Giant Tortoises

Santa Cruz is the second largest island in Galápagos and home to the largest human population and the Charles Darwin Research Centre. This morning we’re at the town of Puerto Ayora, home to over 18,000 inhabitants. We make a dry landing on the dock and transfer to the Research Centre to learn about one of the most successful captive breeding programmes … for giant tortoises. This was home to Lonesome George, the last of the Pinta Island tortoises.

After our visit we stroll along the main street, pass the busy fish market and meet at The Rock, a well-known café/bar. A refreshing cool drink is our reward. From The Rock we board small buses for the journey to the highlands. On route we visit a family owned farm called El Trapiche where we see small scale coffee and sugar cane in production. The family also produces a rather strong sugar cane liquor which most of us try out. Rather strong is somewhat understating it. Somehow our video chronicler Eric has three glasses! We’re assuming his filming this afternoon will be rather wobbly.

Lunch is enjoyed at Narwhale, our restaurant in the middle of a rain forest … and it certainly seems like a rain forest today, as it is pouring down. Great for tortoises, not quite so convenient for tourists, but it does improve. After a tasty lunch including complimentary drinks, we drive a short distance and don wellington boots for a walk to see giant tortoises in the wild. And we are duly rewarded.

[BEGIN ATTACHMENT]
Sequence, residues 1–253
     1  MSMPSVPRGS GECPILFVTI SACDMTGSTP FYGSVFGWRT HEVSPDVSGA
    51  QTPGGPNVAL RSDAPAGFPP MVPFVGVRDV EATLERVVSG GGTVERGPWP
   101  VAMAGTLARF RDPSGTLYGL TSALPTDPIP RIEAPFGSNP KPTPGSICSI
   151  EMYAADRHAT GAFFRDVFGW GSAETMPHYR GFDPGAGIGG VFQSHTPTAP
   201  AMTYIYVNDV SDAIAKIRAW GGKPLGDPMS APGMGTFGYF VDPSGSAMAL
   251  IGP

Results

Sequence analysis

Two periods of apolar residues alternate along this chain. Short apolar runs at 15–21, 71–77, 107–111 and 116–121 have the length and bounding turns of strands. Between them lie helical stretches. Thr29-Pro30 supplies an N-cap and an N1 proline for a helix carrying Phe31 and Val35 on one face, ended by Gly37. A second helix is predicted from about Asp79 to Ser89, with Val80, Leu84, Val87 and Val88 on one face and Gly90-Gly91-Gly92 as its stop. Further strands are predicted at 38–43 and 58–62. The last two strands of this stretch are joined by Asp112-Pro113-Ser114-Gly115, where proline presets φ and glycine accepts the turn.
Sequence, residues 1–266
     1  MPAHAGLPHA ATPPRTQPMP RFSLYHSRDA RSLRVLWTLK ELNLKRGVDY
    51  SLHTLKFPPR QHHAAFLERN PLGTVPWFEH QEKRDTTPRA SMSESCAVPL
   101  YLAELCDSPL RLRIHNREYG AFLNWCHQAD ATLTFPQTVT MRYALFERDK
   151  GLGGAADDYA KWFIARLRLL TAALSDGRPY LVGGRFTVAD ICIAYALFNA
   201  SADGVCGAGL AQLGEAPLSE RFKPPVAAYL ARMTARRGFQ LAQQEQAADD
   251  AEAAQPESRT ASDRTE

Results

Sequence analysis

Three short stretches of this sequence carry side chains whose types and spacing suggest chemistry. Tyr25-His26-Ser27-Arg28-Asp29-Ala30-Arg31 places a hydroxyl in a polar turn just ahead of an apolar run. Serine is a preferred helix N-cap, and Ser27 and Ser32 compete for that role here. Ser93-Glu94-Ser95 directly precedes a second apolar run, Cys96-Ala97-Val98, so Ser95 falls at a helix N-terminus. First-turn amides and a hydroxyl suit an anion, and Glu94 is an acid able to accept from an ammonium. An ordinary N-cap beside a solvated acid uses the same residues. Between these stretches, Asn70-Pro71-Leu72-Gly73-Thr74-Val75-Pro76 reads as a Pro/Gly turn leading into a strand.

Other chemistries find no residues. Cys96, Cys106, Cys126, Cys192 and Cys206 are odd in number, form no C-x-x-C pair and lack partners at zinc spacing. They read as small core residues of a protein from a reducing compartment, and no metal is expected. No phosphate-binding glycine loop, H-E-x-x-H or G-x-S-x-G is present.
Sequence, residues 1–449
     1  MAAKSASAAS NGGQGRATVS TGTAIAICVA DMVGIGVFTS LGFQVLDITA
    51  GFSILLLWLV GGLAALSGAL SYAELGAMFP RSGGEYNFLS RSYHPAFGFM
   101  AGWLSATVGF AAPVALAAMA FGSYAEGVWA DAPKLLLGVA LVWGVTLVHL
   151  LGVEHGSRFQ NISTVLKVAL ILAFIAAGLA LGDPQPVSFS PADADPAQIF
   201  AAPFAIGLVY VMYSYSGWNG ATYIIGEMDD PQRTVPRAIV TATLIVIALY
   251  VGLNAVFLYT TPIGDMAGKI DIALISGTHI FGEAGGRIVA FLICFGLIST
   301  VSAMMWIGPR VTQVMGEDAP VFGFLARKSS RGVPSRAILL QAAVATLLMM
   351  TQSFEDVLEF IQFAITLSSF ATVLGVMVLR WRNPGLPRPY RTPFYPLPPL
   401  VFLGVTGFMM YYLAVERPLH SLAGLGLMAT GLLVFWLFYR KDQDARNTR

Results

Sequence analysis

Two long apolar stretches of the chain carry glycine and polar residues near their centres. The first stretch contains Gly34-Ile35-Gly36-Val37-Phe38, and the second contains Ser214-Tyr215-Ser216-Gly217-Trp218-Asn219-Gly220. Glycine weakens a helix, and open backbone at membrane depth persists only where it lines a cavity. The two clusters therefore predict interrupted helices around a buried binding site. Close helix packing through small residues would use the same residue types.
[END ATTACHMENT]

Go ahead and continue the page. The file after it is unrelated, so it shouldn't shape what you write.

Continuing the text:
Back in Puerto Ayora most of our guests head back to the ship, while a few “party-goers” try some early-evening cocktails at The Rock. Oops, where are the Furlongs management?!

Pre-dinner we welcome Tui De Roy, a world-renowned wildlife photographer who has spent most of her life in Galápagos. Although Tui now lives in New Zealand, we're fortunate she is in Puerto Ayora this week and Lynn kiindly arranged for her to come on board. Tui travelled to Galápagos with her pioneering parents when she was just 3 years old and has an amazing life story to tell. Truly a special guest and passionate about the islands and conservation in general.

After dinner we have another treat. Local school teachers Ghandi and Berta have secretly snuck on board with their group of student musicians and dancers to perform for us in the lounge. We concluded with some involuntary but highly enjoyable audience participation! Even Captain Patricio joined in!